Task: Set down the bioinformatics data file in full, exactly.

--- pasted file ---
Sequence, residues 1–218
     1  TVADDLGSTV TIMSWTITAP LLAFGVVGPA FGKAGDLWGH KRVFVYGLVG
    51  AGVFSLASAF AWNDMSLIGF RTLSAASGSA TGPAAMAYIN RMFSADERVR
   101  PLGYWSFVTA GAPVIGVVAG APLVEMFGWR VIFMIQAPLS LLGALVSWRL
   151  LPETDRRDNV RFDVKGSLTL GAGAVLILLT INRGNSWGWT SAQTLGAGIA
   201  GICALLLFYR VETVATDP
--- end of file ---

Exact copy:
Sequence, residues 1–218
     1  TVADDLGSTV TIMSWTITAP LLAFGVVGPA FGKAGDLWGH KRVFVYGLVG
    51  AGVFSLASAF AWNDMSLIGF RTLSAASGSA TGPAAMAYIN RMFSADERVR
   101  PLGYWSFVTA GAPVIGVVAG APLVEMFGWR VIFMIQAPLS LLGALVSWRL
   151  LPETDRRDNV RFDVKGSLTL GAGAVLILLT INRGNSWGWT SAQTLGAGIA
   201  GICALLLFYR VETVATDP